The air campaign is for the most part in the hands of the computer.
Air bases and air fleets have their own counters, which you should move up close to the front line as your land forces advance because your airplanes eventually will not be able to reach their targets (this is a big country!). Individual, user-driven by "click on target" aerial operations are also available: air recon (F5 key), bomb a specific unit (F6 key), bomb a specific airfield (F7 key), bomb a specific city (F7 key), aerial resupply of a friendly unit (F8 key) and transfer of air groups between air units (F9 key). Be advised that in the middle of your ground combat operations is very easy to loose track of how many aircraft you have ready (they may have used up all their available miles per turn) at a certain point. I myself cringed in frustration when I found out there were no more aircraft available to bomb a specific Russian division entrenched in a swamp. I'm sure there has to be a screen with that information consolidated, but I just couldn't find it.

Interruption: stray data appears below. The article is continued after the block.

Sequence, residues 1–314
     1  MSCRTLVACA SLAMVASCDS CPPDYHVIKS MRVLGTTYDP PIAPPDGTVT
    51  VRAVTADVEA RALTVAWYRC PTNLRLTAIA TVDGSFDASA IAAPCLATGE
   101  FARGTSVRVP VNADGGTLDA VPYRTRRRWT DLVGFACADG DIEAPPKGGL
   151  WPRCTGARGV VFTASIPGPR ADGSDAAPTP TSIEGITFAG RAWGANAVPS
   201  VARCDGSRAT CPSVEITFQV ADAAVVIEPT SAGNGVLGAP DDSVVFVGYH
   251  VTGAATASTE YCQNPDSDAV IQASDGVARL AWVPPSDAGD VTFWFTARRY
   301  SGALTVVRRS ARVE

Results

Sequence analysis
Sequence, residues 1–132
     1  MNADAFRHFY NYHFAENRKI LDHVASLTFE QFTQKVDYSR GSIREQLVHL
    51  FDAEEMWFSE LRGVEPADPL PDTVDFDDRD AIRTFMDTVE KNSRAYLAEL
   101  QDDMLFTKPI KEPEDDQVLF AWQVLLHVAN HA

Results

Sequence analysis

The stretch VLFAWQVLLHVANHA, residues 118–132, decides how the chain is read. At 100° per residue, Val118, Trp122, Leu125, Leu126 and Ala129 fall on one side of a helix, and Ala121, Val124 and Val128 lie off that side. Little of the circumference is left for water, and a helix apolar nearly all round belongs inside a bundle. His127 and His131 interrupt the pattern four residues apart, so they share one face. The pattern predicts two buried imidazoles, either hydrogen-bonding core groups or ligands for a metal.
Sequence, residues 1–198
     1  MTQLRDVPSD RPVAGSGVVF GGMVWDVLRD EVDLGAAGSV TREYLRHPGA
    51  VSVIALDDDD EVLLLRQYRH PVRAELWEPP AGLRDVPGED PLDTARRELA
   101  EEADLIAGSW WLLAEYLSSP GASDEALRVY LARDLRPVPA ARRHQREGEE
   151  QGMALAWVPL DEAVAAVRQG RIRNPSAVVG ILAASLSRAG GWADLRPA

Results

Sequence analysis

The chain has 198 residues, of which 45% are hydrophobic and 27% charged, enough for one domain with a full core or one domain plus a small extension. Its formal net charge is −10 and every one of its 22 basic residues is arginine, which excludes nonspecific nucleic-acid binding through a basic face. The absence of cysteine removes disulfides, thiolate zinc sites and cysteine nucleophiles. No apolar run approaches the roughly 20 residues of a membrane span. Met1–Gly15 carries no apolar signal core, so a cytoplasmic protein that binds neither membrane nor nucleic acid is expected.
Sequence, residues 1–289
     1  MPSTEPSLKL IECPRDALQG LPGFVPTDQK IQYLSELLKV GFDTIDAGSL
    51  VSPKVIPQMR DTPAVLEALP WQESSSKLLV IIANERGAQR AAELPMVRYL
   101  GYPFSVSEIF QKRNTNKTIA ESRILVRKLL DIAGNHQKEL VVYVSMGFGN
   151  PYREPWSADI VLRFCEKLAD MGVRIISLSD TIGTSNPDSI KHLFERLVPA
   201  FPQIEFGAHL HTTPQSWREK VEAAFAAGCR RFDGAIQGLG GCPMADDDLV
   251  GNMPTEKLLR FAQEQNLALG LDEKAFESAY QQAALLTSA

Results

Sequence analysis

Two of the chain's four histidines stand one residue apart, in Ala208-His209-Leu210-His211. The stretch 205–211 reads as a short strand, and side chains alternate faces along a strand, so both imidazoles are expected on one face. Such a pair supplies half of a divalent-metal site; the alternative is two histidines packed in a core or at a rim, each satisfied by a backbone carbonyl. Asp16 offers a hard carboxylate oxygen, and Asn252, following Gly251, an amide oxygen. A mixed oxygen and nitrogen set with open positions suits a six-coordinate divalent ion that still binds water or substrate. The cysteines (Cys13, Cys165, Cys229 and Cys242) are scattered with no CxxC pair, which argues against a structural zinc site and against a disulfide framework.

By a series of front-wide hasty attacks with units from all my armies, the front is ruptured and the flood gates are open for my troops. Time to move on those boots, wheels and tracks! 

This is a turn based (IGOYOUGO) game with turns that simulate one week of operations. It also uses hexes that represent 10 miles of terrain.
Military geography. Click the image for an expanded view.
In a pretty much standard way, every unit in the game has a movement points allowance per turn.
These movement points are specified in the right side number at each unit counter.